1. No argument types are composed of inout types.
  2. A mutable, const or immutable argument type can be matched against each corresponding parameter inout type.

If such a match occurs, inout is considered the common qualifier of the matched qualifiers. If more than two parameters exist, the common qualifier calculation is recursively applied.

Common qualifier of the two type qualifiers
mutableconstimmutableinoutinout const
mutable (= m)mcccc
const (= c)ccccc
immutable (= i)cciwcwc
inout (= w)ccwcwwc
inout const (= wc)ccwcwcwc

The inout in the return type is then rewritten to match the inout qualifiers:

int[] ma;
const(int)[] ca;
immutable(int)[] ia;

inout(int)[] foo(inout(int)[] a) { return a; }
void test1()
    // inout matches to mutable, so inout(int)[] is
    // rewritten to int[]
    int[] x = foo(ma);

    // inout matches to const, so inout(int)[] is
    // rewritten to const(int)[]
    const(int)[] y = foo(ca);

    // inout matches to immutable, so inout(int)[] is
    // rewritten to immutable(int)[]
    immutable(int)[] z = foo(ia);

inout(const(int))[] bar(inout(int)[] a) { return a; }
void test2()
    // inout matches to mutable, so inout(const(int))[] is
    // rewritten to const(int)[]
    const(int)[] x = bar(ma);

    // inout matches to const, so inout(const(int))[] is
    // rewritten to const(int)[]
    const(int)[] y = bar(ca);

    // inout matches to immutable, so inout(int)[] is
    // rewritten to immutable(int)[]
    immutable(int)[] z = bar(ia);

Note: Shared types cannot be matched with inout.

Combining Qualifiers

More than one qualifier may apply to a type. The order of application is irrelevant, for example given an unqualified type T, const shared T and shared const T are the same type. For that reason, this document depicts qualifier combinations without parentheses unless necessary and in alphabetic order.

Applying a qualifier to a type that already has that qualifier is legal but has no effect, e.g. given an unqualified type T, shared(const shared T) yields the type const shared T.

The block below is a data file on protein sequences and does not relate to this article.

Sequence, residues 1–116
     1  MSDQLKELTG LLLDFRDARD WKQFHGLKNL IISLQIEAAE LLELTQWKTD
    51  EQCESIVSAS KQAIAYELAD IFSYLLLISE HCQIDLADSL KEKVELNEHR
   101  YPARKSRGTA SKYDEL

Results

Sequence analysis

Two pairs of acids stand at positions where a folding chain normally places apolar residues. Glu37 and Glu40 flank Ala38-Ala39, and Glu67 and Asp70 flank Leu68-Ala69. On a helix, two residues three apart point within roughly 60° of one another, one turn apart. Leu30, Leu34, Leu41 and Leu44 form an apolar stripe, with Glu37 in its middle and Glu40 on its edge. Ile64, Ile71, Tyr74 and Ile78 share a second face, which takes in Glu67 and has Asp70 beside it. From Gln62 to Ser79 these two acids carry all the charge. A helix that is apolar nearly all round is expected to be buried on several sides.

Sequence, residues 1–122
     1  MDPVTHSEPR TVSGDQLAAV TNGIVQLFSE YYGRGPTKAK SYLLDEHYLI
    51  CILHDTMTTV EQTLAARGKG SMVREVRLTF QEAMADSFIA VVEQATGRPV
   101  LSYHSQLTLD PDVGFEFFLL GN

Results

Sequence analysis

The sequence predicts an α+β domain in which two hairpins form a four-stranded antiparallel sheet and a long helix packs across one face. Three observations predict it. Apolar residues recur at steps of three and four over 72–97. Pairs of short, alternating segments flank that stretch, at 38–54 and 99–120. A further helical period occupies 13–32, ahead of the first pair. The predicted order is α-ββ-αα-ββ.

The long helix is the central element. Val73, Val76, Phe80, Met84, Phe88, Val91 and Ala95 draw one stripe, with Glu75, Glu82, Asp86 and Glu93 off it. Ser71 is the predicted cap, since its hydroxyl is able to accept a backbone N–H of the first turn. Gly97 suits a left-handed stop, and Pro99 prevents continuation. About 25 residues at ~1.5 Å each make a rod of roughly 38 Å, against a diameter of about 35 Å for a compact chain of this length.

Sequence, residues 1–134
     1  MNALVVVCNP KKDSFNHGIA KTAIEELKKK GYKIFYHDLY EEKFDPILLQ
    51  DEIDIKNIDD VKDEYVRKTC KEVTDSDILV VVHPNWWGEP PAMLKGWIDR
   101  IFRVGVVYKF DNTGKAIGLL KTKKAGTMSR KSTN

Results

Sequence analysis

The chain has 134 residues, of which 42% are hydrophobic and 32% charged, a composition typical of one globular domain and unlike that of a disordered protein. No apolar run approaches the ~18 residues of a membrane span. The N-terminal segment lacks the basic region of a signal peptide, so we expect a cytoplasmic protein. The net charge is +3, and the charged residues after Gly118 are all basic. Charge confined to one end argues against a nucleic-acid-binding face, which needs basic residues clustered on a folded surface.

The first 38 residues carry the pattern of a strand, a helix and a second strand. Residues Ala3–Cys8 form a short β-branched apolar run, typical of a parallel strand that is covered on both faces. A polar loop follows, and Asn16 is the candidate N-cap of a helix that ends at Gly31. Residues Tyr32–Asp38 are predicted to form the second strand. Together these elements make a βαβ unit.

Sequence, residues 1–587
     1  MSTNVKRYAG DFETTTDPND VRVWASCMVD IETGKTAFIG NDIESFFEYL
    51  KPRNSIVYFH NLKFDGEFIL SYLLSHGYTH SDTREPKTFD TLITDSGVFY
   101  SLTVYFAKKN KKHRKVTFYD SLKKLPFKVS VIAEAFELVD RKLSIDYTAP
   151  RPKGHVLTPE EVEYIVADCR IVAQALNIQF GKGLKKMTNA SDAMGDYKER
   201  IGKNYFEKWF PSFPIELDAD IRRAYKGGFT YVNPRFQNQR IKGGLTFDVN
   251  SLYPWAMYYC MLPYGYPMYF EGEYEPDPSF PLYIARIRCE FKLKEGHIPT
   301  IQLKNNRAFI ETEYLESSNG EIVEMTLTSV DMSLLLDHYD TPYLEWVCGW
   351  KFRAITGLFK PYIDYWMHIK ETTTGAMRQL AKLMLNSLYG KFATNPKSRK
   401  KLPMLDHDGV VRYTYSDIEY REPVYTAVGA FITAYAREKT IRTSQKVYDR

Applying the immutable qualifier to any type (qualified or not) results in immutable T. Applying any qualifier to immutable T results in immutable T. This makes immutable a fixed point of qualifier combinations and makes types such as const(immutable(shared T)) impossible to create.

Assuming T is an unqualified type, the graph below illustrates how qualifiers combine (combinations with immutable are omitted). For each node, applying the qualifier labeling the edge leads to the resulting type.

Qualifier combination rules

Implicit Qualifier Conversions

Values that have no mutable indirections (including structs that don't contain any field with mutable indirections) can be implicitly converted across mutable, const, immutable, const shared, inout and inout shared.

References to qualified objects can be implicitly converted according to the following rules:

Qualifier conversion rules

In the graph above, any directed path is a legal implicit conversion. No other qualifier combinations than the ones shown is valid. If a directed path exists between two sets of qualifiers, the types thus qualified are called qualifier-convertible. The same information is shown below in tabular format:

Implicit Conversion of Reference Types
from/tomutableconstsharedconst sharedinoutconst inoutinout sharedconst inout sharedimmutable
const inout
const shared
const inout shared
inout shared

If an implicit conversion is disallowed by the table, an Expression may be converted if:

An expression may be converted from mutable or shared to immutable if the expression is unique and all expressions it transitively refers to are either unique or immutable.

An expression may be converted from mutable to shared if the expression is unique and all expressions it transitively refers to are either unique, immutable, or shared.

An expression may be converted from immutable to mutable if the expression is unique.

An expression may be converted from shared to mutable if the expression is unique.

A Unique Expression is one for which there are no other references to the value of the expression and all expressions it transitively refers to are either also unique or are immutable. For example:

void main()
    immutable int** p = new int*(null); // ok, unique

    int x;
    immutable int** q = new int*(&x); // error, there may be other references to x

    immutable int y;
    immutable int** r = new immutable(int)*(&y); // ok, y is immutable

Otherwise, a CastExpression can be used to force a conversion when an implicit version is disallowed, but this cannot be done in @safe code, and the correctness of it must be verified by the user.